Penny and Marilee and I had a girls’ day yesterday. They had a friend sleep over, which involved milkshakes and making up dances and watching High School musical. We all went to church, and then one of the girls’ favorite babysitters invited us over to her house so they could feed a newborn lamb. We proceeded from there to Bounce, where the girls scampered and jumped and argued and helped each other out. That evening, we enjoyed some Lenten music at our church, ate leftovers, read a chapter of A Wrinkle in Time and went to bed.
Nothing extraordinary. A lovely day.
But it was also a day that got me thinking about an article I read last week in the Washington Post, an article in which Ruth Marcus wrote about how women need the right to abort babies with Down syndrome. Marcus wrote in opposition to recent laws various states have passed to ban abortion on the heels of a prenatal diagnosis of Down syndrome.
She writes, “Most children with Down syndrome have mild to moderate cognitive impairment, meaning an IQ between 55 and 70 (mild) or between 35 and 55 (moderate). This means limited capacity for independent living and financial security; Down syndrome is life-altering for the entire family. I’m going to be blunt here: That was not the child I wanted. That was not the choice I would have made. You can call me selfish, or worse, but I am in good company. The evidence is clear that most women confronted with the same unhappy alternative would make the same decision.”
I’ve written before about why I disagree with these laws, and I could write an entirely separate post to refute some of the logic embedded in this article and even just these sentences.
But what I realized when I read this article was how much I want to stop arguing about the legality of abortion.
It’s not that I want to stop talking about abortion altogether. The bearing of all human life is meaningful, life-altering (to quote Ruth Marcus), frightening, and filled with potential for sorrow and joy. It is crucial that we talk about what it means to conceive life, and when and whether we ever should end life.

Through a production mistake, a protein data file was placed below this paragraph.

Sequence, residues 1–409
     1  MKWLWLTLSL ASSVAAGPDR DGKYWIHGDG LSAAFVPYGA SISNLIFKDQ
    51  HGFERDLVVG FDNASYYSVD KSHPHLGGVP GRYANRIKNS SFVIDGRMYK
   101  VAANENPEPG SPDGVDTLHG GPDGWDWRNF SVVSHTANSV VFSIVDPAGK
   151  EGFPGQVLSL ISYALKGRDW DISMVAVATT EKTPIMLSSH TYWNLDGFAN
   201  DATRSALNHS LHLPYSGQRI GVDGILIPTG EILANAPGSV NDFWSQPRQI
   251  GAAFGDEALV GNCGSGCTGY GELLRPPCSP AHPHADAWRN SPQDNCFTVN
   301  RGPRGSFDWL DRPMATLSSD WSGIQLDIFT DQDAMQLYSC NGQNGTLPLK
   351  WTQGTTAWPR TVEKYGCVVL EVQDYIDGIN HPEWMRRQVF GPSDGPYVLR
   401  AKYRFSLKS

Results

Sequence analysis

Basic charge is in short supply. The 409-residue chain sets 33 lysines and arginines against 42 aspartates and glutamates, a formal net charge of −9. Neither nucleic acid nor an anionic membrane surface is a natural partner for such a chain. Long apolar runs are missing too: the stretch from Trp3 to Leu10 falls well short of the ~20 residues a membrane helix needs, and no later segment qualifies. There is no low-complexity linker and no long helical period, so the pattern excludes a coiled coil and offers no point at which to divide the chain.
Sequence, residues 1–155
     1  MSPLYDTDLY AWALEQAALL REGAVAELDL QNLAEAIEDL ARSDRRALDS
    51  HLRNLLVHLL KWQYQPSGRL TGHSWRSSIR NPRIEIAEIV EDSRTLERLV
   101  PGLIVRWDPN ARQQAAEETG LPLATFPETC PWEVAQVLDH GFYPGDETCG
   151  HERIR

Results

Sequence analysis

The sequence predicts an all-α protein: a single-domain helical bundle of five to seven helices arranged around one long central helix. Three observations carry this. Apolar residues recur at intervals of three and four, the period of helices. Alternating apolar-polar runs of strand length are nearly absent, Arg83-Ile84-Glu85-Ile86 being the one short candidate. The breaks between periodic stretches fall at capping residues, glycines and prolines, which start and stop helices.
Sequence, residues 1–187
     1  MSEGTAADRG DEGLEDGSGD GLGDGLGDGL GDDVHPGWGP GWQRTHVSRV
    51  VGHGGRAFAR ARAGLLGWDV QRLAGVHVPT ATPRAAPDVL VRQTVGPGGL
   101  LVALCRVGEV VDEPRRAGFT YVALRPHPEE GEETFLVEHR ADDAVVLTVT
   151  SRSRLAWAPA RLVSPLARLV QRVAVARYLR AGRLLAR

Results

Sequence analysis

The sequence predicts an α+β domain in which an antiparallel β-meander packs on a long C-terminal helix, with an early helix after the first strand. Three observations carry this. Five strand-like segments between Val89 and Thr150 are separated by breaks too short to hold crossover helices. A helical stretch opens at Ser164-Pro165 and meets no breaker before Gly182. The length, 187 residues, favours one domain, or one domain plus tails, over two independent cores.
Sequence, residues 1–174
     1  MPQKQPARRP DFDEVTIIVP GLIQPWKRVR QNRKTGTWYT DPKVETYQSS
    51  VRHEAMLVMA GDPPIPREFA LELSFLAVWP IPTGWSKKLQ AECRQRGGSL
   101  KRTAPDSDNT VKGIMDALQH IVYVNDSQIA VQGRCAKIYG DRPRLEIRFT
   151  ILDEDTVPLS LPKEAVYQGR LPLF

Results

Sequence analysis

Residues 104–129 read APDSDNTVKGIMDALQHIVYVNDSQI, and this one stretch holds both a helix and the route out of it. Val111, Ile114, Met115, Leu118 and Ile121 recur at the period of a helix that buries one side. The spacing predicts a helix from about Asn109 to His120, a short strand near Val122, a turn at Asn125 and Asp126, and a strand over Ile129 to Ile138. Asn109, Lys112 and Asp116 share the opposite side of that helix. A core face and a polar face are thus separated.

But I wonder whether all the heated rhetoric about the legality of abortion keeps us from discussing the ethics of abortion. I wonder whether we are so focused on legislating what a woman is allowed, or not allowed, to do during pregnancy that we neglect to have conversations, tell stories, ask questions, and invite women to explore the possibilities available to them.
I’m not writing this to argue a political pro-life or a pro-choice position. But I am writing to ask women to consider whether the day I described with our daughters — a day that involved, friendship, community, laughter, physical exertion, good food, and fun–might serve as a way to imagine life with a child with Down syndrome in different terms than the ones used by Marcus above?
Instead of “unhappy,” “limited,” and “not wanted,” I say happy, possibilities, and deeply loved.
Again, I don’t share this story in an attempt to challenge a law, and I certainly don’t share it in an attempt to bring shame or fear or guilt to any woman who has faced a prenatal diagnosis of Down syndrome. But I do believe we need to stop letting our political positions dictate the arguments we have about abortion and allow space for an ethical discussion of the value of human life, the rights of women, the role of society in supporting women and children, and the role of society in supporting children and adults with disabilities. Maybe if we talked more about stories and less about the law, we would compel (but not coerce) more women to choose life.